Some years there are so many Littles and not enough Bigs that some Bigs take on two Littles. "We try to match just a Big and a Little but sometimes the numbers just don't work out, so then a Big might end up having two Littles from two different classes. Because we have more elementary students than high school students this year, in the past occasionally, but more so this year, high school students have had more than one Little at a time," Stocklin and Erickson explained.

The program is run by five teams that encompass all of the Ten Sleep School staff from paraeducators all the way up to the superintendent. Each team plans a Big Little activity with team three planning the initial activity and assigning the Bigs to their Littles. Team three works hard to make matches that will work and be an advantage to both the Big and the Little. "Our team will get together and then we will go through the classes and try to look for a good match and we try to pair students who haven't been paired together previously. We actually put a lot of effort into that, we look at what common interests they could have or if one student is really shy and quiet we would pair them with maybe someone who is a little more outgoing. We really put a lot of thought into it to make good pairings that will bring out the best in each student," Erickson said.

There are about five large Big Little events throughout the school year. The Bigs and Little participate in the Little Shoppers event with the Bigs escorting their Littles down to the Ten Sleep Senior Center to purchase Christmas presents for their friends and family. The Bigs help their Littles make good choices and help them carry their wrapped gifts back to the school. The Bigs and Littles have done service projects together such as decorating cookies and distributing them and putting flowers and flags on the graves in the cemetery. When the Lungren's pumpkin patch and corn maze was running they would go together. This Christmas they participated in a scavenger hunt together. "The scavenger hunt thing was finding the room that they had to go to and then every room had a different activity like the penguin waddle, building Christmas trees out of speed stacking cups, minute to win it, shake the bell out of the tissue box and walking with a balloon between their legs; team type activities," Erickson said.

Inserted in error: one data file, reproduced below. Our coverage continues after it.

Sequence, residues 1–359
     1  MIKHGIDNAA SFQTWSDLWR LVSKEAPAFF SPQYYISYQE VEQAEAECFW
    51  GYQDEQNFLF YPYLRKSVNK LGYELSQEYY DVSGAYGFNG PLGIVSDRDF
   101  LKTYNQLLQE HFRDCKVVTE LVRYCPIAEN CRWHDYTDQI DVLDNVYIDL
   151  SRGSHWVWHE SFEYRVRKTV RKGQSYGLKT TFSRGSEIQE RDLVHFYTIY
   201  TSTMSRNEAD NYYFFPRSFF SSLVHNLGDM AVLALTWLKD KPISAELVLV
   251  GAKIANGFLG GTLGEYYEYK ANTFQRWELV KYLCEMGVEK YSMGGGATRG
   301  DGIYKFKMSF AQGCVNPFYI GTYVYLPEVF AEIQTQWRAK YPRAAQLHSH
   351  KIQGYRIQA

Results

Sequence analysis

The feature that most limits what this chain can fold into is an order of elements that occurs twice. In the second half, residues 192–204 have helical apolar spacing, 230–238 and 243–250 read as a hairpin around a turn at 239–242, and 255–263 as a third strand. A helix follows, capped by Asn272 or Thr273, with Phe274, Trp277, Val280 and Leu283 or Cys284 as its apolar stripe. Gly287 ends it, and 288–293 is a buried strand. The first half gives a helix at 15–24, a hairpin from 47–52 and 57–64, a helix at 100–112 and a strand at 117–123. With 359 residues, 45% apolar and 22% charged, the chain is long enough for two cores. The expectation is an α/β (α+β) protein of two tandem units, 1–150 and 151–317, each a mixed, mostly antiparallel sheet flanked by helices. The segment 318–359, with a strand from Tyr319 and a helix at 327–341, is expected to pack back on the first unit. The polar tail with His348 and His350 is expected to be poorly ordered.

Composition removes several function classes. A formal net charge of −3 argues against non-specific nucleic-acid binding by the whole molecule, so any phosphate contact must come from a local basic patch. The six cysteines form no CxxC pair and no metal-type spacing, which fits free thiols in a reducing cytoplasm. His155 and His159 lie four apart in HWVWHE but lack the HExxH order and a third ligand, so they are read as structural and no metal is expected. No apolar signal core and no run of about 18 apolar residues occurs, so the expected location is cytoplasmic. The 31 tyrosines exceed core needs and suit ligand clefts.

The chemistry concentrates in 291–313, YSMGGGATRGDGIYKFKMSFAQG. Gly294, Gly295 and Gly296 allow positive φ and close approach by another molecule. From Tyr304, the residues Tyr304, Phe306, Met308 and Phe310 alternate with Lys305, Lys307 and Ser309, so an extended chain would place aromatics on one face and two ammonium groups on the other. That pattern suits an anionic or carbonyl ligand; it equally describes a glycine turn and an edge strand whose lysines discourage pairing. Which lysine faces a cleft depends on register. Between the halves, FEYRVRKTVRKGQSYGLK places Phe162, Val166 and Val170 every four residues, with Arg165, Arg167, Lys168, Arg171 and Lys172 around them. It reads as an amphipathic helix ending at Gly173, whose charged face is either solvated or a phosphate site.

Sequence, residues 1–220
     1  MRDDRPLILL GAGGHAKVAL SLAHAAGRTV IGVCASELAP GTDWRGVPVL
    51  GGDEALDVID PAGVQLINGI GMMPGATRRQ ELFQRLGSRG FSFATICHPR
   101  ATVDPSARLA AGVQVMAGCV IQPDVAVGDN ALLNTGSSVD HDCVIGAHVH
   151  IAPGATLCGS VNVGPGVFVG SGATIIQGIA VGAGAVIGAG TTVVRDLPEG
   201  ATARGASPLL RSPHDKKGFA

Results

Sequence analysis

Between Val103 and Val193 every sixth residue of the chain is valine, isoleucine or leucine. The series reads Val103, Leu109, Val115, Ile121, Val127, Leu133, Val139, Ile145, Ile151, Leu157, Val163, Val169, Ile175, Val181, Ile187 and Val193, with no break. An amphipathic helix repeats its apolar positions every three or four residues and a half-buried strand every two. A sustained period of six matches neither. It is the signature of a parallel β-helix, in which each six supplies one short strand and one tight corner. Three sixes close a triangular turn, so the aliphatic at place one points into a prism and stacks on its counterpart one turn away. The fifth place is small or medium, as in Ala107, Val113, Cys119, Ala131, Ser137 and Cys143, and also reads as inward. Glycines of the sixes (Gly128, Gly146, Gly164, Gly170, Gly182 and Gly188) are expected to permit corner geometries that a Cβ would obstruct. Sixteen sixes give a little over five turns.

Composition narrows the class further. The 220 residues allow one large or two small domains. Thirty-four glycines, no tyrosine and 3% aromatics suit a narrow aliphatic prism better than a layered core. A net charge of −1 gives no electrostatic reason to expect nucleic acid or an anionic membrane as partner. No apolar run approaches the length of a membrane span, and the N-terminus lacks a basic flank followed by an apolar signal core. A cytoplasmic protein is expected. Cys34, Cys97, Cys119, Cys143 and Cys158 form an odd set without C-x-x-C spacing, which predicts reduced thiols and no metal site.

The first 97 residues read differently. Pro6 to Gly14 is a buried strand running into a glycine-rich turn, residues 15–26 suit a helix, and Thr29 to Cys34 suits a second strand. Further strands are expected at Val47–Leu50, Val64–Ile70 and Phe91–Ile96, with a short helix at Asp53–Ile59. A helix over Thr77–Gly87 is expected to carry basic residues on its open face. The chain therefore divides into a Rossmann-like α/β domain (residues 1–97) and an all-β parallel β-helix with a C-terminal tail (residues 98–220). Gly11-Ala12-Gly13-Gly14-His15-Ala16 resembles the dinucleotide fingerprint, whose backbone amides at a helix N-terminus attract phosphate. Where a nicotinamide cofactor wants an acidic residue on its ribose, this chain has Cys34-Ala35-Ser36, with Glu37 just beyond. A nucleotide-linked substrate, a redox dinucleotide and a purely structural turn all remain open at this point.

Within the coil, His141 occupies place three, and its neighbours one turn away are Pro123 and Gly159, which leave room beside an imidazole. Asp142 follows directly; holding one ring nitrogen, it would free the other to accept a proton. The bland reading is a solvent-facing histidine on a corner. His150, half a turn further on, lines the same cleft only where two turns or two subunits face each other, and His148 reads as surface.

Bigs and Littles spend time together in activities other than the five planned activities such as sports events and recess. On Fridays the lunch periods for elementary, middle school and high school overlap, so it's not unusual to see Bigs and Littles dining together. "It is cool because some of them, say their Big is a basketball player, they will get their parents to bring them to the game where maybe they wouldn't otherwise. It means a lot to some of the kids and I think that goes both ways, it's not just the Little thinking so much about the Big but the Big also making a special effort to spend time with their Little because we do have high school students who will, especially on the Fridays where our lunches overlap, who will eat with their Little and then they will go outside for recess with them," Stocklin said.